Eating for beginners
My mother liked to make an opera--soap or grand, as the occasion demanded--out of little things. For instance, she thought my brother was in imminent danger of starving because he had skinny arms and legs. So she fed him at every opportunity. After he had eaten dinner, if he left so much as a pea on his plate, she would take him to the drive-in and stuff him with French fries like someone stuffing a Strasburg goose. This continued until the kid weighed 200 pounds, at 5'7". She then started harping at him for being too fat.
I was a fussy eater. I liked hot chocolate, but if there was a layer of skim on the top of the cup, I not only would not eat it, I ran out of the room screaming. I wouldn't eat anything made with mayonnaise, because I couldn't identify the ingredients. My father believed in stern discipline on the food front. He made me sit at the table until I had consumed enough to satisfy him, or until bedtime, whichever came first. Long dreary hours (probably only minutes, but they seemed like hours) passed as I stared at the congealed fat on my now tepid plate, without eating it of course. Mercifully, bedtime freed me.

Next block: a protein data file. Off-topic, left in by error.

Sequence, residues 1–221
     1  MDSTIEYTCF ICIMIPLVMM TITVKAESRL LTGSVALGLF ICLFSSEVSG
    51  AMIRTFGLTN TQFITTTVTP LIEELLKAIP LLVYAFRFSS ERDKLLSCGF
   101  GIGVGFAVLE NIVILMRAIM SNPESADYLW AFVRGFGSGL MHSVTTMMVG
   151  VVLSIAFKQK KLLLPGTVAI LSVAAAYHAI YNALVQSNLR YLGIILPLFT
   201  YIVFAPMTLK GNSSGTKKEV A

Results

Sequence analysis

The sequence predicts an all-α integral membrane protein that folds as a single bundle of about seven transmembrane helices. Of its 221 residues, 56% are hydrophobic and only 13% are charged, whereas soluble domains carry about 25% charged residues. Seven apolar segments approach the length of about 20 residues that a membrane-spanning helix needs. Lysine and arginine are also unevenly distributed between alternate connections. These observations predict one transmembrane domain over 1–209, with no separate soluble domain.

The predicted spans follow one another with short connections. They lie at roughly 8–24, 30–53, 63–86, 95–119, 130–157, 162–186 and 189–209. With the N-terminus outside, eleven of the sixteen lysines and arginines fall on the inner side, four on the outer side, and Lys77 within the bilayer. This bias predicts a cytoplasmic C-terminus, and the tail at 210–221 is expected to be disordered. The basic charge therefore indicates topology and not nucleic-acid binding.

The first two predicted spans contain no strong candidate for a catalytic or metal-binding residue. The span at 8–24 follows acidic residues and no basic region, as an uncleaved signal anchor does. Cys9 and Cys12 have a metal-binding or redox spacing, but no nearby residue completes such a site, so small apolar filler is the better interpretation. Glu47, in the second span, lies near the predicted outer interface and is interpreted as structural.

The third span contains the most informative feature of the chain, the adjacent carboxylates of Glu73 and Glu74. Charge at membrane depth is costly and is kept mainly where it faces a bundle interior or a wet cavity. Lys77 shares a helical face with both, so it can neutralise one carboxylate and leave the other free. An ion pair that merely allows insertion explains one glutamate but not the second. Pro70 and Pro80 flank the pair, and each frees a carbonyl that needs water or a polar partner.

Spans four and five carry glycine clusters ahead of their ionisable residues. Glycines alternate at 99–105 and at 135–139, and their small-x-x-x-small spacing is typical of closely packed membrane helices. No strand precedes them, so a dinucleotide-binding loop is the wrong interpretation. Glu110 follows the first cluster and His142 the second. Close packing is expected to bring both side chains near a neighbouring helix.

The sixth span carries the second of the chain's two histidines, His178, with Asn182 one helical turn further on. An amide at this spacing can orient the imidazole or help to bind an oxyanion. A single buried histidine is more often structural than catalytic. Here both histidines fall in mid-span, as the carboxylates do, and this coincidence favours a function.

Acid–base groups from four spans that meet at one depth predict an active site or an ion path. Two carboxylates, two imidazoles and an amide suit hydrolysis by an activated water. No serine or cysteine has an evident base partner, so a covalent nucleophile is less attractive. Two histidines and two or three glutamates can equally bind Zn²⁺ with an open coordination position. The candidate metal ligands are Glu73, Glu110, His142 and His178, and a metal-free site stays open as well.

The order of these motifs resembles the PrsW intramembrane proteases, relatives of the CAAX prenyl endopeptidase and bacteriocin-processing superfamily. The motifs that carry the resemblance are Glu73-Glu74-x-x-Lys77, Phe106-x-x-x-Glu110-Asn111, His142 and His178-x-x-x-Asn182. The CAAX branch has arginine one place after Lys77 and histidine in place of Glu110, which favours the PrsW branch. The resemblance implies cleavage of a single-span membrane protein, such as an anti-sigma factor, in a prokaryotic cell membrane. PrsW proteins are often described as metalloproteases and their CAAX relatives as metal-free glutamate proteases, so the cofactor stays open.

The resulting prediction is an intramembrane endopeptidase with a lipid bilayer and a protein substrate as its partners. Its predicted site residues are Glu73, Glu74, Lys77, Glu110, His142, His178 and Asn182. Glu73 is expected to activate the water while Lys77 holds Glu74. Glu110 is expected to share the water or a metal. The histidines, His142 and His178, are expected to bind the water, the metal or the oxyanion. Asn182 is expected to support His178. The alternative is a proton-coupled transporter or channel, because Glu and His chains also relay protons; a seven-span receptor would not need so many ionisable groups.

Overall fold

Then there was the morning milk. Dad believed that milk was good for children, particularly at breakfast. I could not, or would not, drink cold milk in the morning. If I was made to drink it, I usually threw up. Mealtimes were full of drama at our house.